In sum, four points help to explain the stagnation and recent decline of broadcast TV:

  • declining advertising revenue since 2011;
  • budget cuts to the CBC;
  • the phasing out of the Local Program Improvement Fund between 2012 and 2015;
  • the big four commercial TV providers – Shaw, Bell, Rogers and Quebecor – shift of resources from their broadcast TV holdings to the much faster growing stable of pay, specialty and other subscriber-based TV services that they own (i.e. mobile, IPTV) (see the CRTC’s 2017 Communication Monitoring Report, pp. 186-190 as well as In- dividual Financial Summaries for a list of the 107 pay and specialty services the big four combined owned as of 2017).

While the dire condition of broadcast TV in Canada is obvious, a crucial question remains as to why things are so poor relative to conditions in the US and some other countries?

To put this another way, while broadcast TV is not thriving anywhere, the turmoil in Canada is especially severe. Why?

Take, for example, the US, where the number of US households that are broadcast-on- ly (that is, households that do not subscribe to cable but receive television over-the- air) has inched upwards in recent years, from 10% to 11%, according to the FCC’s two most recent reports on Competition in the Video Marketplace (and here). As these re- ports note, broadcast network affiliates and independent TV stations “total day share of viewing” increased from 30% in the 2012-2013 to 32% in 2013-2014 and then again to 33% in the 2015-2016 season. Prime time viewing for the same TV stations also rose from 33% to 36% over the same period. Broadcast TV revenue rose from $24.3 billion in 2013 to $27 billion in 2015 as well (see paras 116-119 in both reports).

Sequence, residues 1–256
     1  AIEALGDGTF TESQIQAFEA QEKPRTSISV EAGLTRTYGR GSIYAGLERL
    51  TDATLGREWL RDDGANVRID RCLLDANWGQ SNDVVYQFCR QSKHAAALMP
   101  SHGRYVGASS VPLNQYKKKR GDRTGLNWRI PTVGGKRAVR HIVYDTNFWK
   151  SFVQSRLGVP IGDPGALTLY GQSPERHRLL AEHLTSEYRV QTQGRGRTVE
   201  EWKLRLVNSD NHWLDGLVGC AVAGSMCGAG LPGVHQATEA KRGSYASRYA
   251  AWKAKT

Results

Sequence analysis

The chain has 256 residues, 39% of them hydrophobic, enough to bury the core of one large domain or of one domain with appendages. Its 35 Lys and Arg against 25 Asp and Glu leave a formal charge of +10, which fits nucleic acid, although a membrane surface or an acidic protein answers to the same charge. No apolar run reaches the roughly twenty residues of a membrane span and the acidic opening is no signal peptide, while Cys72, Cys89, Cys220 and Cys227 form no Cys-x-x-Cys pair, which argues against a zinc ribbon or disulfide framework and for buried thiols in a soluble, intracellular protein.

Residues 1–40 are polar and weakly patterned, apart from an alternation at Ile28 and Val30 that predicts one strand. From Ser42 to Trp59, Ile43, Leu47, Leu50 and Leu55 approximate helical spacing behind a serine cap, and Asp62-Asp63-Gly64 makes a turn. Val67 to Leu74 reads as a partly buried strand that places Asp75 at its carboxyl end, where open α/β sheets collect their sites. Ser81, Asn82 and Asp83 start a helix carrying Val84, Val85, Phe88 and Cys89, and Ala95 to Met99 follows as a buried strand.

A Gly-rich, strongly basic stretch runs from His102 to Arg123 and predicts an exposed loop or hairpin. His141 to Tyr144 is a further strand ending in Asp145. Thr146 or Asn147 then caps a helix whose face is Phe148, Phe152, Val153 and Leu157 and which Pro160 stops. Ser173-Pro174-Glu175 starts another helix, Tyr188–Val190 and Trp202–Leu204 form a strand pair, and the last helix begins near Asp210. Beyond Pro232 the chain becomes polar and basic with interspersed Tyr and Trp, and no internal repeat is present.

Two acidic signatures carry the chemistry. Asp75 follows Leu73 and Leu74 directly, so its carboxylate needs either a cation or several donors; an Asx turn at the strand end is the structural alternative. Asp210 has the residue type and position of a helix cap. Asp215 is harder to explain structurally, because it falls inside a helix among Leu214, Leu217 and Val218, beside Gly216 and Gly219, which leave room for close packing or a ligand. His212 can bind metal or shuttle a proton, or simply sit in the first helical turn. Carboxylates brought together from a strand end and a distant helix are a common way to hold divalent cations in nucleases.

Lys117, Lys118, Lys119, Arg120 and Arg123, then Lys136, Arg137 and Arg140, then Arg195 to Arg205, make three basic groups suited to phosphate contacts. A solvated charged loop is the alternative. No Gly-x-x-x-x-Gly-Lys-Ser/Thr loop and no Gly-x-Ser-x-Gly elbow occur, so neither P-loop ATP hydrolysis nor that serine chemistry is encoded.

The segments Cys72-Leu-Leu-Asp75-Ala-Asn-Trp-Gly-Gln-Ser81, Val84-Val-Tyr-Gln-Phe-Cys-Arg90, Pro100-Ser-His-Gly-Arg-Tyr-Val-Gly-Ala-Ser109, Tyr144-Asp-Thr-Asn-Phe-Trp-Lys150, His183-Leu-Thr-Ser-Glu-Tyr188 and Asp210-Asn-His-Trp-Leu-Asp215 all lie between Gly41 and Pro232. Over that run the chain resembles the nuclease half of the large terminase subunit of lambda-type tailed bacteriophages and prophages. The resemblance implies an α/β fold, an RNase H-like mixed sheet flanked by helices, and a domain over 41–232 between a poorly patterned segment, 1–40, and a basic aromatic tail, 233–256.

Looking further afield, the UK communications regulator Ofcom observes in its 2017 International Communications Market Report that the average amount of time that people spend watching broadcast television has slid but gently. Perhaps of more inter- est, though, is the following observation:

. . . In all the countries we surveyed, the most popular way of watching vid- eo was ‘TV programmes or films at the time of broadcast on free-to-access channels’. More people said they watched free-to-air broadcasts than broadcasts on pay-TV, even in the US, where the large majority of households take a pay-TV service (p. 89).

Ofcom’s recent reports also note that government funding for public service media has remained fairly stable for most of the last decade (Ofcom, 2015, pp. 125-138; Ofcom, 2017, p. 89). One particularly striking observation in Ofcom’s reports is the extent to which television advertising continued to grow over the 2011 to 2016 period in eight- out-of-the-twelve countries that it surveyed (i.e. the U.S, China, Germany, Japan, the UK, Brazil, India, and Korea) while remaining basically flat in three others (i.e. France, Australia and Spain. Television advertising revenue has only collapsed on a compara- ble scale to Canada in one other country: Italy Ofcom, 2017, p. 98).